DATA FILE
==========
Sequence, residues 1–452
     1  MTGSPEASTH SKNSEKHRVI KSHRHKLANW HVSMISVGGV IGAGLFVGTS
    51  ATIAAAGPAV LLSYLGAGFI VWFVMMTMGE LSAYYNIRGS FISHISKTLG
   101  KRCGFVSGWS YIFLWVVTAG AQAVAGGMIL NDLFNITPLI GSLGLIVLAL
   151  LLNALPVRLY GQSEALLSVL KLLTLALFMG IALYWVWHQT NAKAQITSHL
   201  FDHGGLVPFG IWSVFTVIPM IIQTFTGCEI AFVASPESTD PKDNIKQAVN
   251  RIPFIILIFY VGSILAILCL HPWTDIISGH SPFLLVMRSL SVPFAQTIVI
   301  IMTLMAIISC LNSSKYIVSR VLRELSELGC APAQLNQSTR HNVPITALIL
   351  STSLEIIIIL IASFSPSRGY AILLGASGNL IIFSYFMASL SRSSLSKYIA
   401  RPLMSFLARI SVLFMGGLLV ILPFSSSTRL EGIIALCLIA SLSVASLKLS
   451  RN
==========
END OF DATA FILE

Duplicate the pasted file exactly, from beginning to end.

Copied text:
Sequence, residues 1–452
     1  MTGSPEASTH SKNSEKHRVI KSHRHKLANW HVSMISVGGV IGAGLFVGTS
    51  ATIAAAGPAV LLSYLGAGFI VWFVMMTMGE LSAYYNIRGS FISHISKTLG
   101  KRCGFVSGWS YIFLWVVTAG AQAVAGGMIL NDLFNITPLI GSLGLIVLAL
   151  LLNALPVRLY GQSEALLSVL KLLTLALFMG IALYWVWHQT NAKAQITSHL
   201  FDHGGLVPFG IWSVFTVIPM IIQTFTGCEI AFVASPESTD PKDNIKQAVN
   251  RIPFIILIFY VGSILAILCL HPWTDIISGH SPFLLVMRSL SVPFAQTIVI
   301  IMTLMAIISC LNSSKYIVSR VLRELSELGC APAQLNQSTR HNVPITALIL
   351  STSLEIIIIL IASFSPSRGY AILLGASGNL IIFSYFMASL SRSSLSKYIA
   401  RPLMSFLARI SVLFMGGLLV ILPFSSSTRL EGIIALCLIA SLSVASLKLS
   451  RN